Chapter 7 personal bankruptcy laws allow Americans who are overburdened by bills to have many types of debt legally discharged; they are simply wiped away and you are provided with a fresh financial start. Most debts included in a bankruptcy proceeding can usually be discharged unless they fall under one of the exceptions listed in the bankruptcy code.
Unsecured Debts Are Usually Discharged
Most types of unsecured debt can be discharged through personal bankruptcy. An unsecured debt is one that is not attached to an item of property that guarantees payment through the possibility of foreclosure or repossession. The most common types of unsecured debts that people discharge through personal bankruptcy are credit card bills, personal loans, payday loans and medical bills. These are the most common types of debt that plague most consumers and their discharge allows individuals to live comfortably again without fear of creditors and their collection agencies.
Secured Debts Are Optional
Secured debts include items you have financed, such as a car or a house, which were used as collateral to secure financing by giving the creditor the right to take the item back if you stop paying. If you want to keep the collateral, such as your vehicle or home, you have to continue payments and reaffirm the debt in the bankruptcy. You also have the option of getting out of the debt by surrendering the collateral.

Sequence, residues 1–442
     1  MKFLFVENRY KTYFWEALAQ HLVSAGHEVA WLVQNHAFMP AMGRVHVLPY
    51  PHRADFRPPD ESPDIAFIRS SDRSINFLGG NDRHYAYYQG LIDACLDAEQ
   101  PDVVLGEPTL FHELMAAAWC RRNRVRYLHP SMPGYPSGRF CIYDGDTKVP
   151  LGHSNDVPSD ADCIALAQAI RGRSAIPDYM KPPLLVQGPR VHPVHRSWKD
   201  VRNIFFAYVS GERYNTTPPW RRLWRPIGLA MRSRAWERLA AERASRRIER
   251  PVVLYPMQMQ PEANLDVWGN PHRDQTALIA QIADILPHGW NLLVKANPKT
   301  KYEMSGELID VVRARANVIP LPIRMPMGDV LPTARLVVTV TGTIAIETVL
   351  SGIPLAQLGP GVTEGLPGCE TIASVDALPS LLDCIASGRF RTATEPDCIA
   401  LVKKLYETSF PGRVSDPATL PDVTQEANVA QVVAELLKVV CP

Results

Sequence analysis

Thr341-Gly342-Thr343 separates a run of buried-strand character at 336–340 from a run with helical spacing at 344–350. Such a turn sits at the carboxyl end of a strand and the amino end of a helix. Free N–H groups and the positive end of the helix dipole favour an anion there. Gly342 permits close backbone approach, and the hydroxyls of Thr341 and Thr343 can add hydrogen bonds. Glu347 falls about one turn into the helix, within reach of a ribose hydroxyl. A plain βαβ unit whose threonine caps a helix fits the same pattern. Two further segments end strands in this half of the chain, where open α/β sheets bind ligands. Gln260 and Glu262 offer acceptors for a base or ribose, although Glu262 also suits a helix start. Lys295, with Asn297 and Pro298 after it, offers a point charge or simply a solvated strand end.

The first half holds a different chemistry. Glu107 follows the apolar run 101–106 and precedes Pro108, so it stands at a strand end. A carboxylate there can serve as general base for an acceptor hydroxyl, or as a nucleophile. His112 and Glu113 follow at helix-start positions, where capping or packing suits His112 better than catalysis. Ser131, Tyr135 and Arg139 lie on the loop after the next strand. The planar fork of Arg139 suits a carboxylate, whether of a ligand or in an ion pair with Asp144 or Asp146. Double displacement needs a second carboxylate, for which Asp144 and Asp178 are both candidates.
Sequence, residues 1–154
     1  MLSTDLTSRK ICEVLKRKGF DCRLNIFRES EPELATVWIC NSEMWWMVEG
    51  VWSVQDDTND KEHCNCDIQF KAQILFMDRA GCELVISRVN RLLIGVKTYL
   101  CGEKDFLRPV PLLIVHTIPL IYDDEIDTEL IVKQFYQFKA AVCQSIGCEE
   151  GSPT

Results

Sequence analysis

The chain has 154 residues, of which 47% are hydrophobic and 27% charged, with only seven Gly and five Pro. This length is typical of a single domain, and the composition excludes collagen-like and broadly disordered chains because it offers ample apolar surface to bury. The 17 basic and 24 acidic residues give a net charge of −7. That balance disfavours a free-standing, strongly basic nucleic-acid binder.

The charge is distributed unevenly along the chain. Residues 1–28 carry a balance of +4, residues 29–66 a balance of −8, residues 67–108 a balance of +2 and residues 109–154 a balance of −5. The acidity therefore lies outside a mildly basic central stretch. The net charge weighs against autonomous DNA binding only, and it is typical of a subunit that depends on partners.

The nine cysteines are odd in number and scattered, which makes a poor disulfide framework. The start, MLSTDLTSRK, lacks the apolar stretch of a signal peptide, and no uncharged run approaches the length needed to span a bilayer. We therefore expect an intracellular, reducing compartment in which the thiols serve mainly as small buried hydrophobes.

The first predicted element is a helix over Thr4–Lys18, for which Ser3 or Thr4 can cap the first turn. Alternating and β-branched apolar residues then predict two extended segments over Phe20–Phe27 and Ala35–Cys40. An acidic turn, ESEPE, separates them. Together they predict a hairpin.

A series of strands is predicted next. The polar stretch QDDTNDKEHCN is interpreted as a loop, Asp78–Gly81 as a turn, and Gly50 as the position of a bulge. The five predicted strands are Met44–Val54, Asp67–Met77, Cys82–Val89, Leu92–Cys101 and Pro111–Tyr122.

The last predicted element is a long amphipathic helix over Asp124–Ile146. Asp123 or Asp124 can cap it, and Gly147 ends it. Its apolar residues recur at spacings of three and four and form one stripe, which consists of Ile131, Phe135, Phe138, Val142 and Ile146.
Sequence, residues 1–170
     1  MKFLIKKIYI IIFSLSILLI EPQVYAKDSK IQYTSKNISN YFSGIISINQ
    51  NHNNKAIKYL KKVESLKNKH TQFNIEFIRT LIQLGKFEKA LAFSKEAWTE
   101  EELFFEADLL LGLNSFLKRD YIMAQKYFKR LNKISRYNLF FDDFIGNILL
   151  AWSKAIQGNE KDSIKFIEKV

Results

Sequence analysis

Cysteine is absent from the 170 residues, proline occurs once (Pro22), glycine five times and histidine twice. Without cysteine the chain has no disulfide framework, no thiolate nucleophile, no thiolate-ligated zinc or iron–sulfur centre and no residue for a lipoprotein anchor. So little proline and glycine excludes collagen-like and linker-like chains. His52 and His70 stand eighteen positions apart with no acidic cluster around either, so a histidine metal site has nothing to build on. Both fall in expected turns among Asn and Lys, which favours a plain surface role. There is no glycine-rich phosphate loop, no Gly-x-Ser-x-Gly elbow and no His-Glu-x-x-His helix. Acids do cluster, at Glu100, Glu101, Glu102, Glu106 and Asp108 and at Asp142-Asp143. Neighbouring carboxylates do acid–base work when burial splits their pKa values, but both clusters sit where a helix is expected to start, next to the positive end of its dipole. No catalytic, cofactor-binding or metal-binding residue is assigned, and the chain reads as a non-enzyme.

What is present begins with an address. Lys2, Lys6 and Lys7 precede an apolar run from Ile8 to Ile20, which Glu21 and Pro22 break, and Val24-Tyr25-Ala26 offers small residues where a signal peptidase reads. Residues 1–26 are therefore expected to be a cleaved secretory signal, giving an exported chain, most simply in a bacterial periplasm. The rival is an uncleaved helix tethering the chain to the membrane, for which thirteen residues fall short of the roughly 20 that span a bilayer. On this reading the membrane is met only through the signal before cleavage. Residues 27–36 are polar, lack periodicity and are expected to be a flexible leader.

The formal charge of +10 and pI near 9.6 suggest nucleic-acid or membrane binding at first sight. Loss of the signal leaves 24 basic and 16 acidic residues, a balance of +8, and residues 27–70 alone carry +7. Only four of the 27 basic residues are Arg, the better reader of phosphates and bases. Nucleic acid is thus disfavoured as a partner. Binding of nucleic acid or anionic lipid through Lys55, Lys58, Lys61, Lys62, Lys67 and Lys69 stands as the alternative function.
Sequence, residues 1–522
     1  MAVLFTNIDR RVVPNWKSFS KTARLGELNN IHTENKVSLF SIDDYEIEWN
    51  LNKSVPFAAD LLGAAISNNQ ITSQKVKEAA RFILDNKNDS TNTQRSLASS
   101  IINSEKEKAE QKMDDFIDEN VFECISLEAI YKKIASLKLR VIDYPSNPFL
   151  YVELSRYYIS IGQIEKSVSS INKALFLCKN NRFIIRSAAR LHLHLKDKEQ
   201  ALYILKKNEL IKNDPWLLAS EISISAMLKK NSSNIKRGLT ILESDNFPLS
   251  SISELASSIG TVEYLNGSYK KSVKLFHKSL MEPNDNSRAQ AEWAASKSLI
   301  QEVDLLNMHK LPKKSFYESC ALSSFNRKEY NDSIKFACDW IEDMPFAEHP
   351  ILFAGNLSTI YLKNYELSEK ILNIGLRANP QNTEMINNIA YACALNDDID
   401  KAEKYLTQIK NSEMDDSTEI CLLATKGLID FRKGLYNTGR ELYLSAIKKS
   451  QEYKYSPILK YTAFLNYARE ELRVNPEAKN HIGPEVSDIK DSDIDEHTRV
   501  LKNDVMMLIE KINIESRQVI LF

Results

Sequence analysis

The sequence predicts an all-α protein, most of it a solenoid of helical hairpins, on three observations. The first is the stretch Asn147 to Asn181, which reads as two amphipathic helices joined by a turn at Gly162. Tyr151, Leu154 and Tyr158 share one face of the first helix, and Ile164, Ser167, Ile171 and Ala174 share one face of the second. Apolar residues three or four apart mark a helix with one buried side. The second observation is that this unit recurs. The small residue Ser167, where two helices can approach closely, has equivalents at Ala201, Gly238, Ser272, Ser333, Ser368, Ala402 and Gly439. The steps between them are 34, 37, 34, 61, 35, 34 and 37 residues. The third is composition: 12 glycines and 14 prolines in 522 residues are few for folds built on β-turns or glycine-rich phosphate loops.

Taxes and Student Loans
Federal income tax obligations may or may not be dischargeable under bankruptcy, depending upon the status of the tax delinquency and several other factors. In most cases, taxes are not dischargeable under Chapter 7, but may be repaid, usually without interest or penalties, in a Chapter 13 Wage Earner Plan. Student loan debt does not go away in a Chapter 7 unless you can establish extreme hardship due to factors such as disability or other inability to work.
Bankruptcy Stops Garnishments and Lawsuits
Personal bankruptcy will stop any garnishments that result in money being deducted from your paychecks. The underlying debts that caused the garnishment may or may not be discharged, however. Unsecured debts will likely be discharged, while debts arising from unpaid child support or alimony won't be discharged. Court judgments and lawsuits against you that do not involve intentional infliction of personal injury, intentional property damage, or drunk driving will usually be wiped out by Chapter 7 bankruptcy.
The law surrounding discharge of debts in personal bankruptcy is complicated and each case is unique. For more detailed and case specific information, please contact our Tacoma bankruptcy lawyers at Washington Fresh Start for a free initial consultation.